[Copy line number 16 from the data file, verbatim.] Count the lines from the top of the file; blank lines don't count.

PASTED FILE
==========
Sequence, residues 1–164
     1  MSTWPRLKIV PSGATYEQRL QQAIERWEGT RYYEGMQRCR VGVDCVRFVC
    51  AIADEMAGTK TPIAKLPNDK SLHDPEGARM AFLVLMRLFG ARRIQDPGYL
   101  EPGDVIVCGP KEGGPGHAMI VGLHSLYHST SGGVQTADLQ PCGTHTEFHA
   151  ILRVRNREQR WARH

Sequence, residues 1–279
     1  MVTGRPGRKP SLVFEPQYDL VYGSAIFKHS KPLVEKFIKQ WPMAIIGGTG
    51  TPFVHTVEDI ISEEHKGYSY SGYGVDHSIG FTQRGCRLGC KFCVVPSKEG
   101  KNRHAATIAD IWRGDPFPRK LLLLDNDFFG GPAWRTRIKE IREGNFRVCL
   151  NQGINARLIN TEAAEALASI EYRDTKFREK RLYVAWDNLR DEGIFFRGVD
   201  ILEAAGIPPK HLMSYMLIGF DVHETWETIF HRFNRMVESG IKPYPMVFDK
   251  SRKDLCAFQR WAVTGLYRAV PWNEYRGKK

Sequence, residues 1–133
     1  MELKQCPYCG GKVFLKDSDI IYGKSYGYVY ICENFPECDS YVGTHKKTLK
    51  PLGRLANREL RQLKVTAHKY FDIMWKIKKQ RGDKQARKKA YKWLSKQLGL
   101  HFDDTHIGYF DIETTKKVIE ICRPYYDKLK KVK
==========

   101  HFDDTHIGYF DIETTKKVIE ICRPYYDKLK KVK